The group will not attempt a night charge in the big ravine. “Guys will be tired and there is the safety issue. It is very uneven terrain…. and I don’t want guys getting hurt at night. I have done candlelight tours and I have tripped over logs," says Coats.
Coats says he hopes the event will raise awareness of Pickett’s Mill, which is open only three days a week (Thursday-Saturday) since budgetary cutbacks almost five years ago. Any registration or other funds left over will go the site, he says.
Wooten says the state concentrates on maintaining several trails. He would like to see the fields opened up to better approximate their wartime appearance.
The Friends of Pickett’s Mill Battlefield, established in March 2013 and made up of volunteers, will assist during the event.
“We will have civilian activities around the cabin to demonstrate cooking, children's activities and other aspect of life on the home front,” says John Nash of the group. “Behind the museum, we will have at least two re-enactors displaying what soldiers carried and wore during the Atlanta Campaign.”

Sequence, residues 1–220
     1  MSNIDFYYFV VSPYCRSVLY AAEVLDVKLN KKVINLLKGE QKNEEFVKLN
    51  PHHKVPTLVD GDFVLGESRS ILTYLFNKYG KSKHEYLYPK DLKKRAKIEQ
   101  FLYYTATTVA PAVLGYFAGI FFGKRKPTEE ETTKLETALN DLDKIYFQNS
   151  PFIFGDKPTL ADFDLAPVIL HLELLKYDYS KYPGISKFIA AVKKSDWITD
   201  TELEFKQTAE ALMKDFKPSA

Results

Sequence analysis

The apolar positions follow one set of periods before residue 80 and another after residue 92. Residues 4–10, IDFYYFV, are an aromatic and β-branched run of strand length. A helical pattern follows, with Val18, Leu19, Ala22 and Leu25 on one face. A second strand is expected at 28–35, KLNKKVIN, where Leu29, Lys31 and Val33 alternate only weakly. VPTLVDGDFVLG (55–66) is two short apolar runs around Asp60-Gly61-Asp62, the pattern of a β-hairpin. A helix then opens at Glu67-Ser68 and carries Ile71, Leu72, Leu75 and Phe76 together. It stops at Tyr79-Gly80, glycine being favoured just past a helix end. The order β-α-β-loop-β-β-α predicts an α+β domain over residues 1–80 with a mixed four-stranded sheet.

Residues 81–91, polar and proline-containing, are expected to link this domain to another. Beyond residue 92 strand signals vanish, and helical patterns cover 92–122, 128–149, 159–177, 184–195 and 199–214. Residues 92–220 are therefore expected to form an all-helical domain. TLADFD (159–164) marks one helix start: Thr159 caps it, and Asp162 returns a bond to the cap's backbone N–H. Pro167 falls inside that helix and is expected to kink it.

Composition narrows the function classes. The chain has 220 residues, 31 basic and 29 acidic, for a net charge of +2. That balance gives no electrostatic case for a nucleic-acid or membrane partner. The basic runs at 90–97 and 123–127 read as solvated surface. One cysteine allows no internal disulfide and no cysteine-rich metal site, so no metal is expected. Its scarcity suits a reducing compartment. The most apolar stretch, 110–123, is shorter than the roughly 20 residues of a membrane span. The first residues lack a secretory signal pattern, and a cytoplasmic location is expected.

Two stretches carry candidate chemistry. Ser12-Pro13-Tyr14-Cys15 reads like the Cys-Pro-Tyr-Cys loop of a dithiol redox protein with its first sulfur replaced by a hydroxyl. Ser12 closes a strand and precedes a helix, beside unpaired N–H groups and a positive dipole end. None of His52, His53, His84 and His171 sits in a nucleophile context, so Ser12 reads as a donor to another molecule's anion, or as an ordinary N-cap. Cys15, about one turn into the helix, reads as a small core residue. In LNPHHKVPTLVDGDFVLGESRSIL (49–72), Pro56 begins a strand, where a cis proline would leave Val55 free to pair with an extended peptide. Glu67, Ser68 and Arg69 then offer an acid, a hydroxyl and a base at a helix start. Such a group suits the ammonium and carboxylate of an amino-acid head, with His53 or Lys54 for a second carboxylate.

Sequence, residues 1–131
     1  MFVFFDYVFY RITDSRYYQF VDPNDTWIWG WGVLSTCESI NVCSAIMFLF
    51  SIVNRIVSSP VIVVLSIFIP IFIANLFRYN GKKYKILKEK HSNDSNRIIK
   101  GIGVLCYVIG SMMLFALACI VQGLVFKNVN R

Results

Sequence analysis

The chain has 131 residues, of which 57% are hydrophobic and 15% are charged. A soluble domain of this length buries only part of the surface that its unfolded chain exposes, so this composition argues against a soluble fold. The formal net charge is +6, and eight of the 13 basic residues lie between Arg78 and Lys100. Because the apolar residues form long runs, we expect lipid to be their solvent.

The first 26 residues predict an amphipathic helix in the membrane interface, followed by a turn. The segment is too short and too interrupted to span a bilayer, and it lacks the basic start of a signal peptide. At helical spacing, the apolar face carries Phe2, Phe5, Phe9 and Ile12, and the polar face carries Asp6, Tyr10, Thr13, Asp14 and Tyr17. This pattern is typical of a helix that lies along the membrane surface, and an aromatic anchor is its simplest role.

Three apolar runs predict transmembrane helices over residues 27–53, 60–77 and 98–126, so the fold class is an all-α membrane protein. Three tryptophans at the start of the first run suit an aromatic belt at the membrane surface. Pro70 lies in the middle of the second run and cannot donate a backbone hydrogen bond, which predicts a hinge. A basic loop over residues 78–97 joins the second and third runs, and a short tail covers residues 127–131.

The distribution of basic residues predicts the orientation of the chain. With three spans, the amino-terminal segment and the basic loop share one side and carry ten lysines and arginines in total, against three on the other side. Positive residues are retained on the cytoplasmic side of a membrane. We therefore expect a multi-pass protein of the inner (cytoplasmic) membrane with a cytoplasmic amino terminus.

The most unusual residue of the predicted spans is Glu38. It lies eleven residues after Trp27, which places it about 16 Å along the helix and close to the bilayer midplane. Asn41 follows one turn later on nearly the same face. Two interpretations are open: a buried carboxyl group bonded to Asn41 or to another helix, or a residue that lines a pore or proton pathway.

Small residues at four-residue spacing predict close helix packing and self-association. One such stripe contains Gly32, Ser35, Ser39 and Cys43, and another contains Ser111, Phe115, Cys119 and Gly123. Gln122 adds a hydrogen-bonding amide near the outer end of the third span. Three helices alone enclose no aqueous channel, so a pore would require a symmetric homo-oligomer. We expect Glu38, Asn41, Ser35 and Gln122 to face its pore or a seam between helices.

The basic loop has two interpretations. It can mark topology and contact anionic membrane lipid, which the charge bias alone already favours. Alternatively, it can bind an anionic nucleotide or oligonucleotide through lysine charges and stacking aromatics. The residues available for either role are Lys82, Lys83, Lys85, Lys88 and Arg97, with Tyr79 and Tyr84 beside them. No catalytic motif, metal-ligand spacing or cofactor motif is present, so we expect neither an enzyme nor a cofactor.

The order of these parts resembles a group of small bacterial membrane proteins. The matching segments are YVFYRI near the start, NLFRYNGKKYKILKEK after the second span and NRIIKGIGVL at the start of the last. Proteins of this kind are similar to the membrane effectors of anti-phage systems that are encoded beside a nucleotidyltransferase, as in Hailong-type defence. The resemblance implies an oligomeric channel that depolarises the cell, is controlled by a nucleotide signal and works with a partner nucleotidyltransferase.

Nash says the Friends have cleaned and reorganized the park library, “making it now a useful space to research both military information and family history for the area. We are hoping to have new shelving and bookcases built in the near future to help preserve some of the books in our possession.”
A June 21 genealogy day will allow visitors to share family histories and artifacts relevant to the state site. “We plan to have recording equipment to preserve what shows up. Plans also include possibly changing out exhibits on a more frequent schedule, keeping information and education fresh and renewed.”
|(Friends of Pickett's Mill)|
“The biggest misconception is that campaigners are jerks,” says Coats. “But we want guys to stick around … It is a hobby. We have got to be fun.”
“We take the drill and culture seriously. We try not to take ourselves seriously.”
Participants will do guard duty, set up camps and barricades, go on patrol and fight the enemy in rugged terrain.
Like the soldiers they portray, Coats expects the re-enactors to be exhausted at night.
“They are tired and (just) want to go to sleep.”
The park encourages patrons to be on site around 10 a.m. on Saturday, May 31. Bring good shoes, bug repellent and water. Admission per person is $5.50 adults, $3.50 for those age 62 and older; $3 for ages 6-18, free for 5 and under. Parking is limited on the grounds so a shuttle service is being organized. Call 770-443-7850 for more information.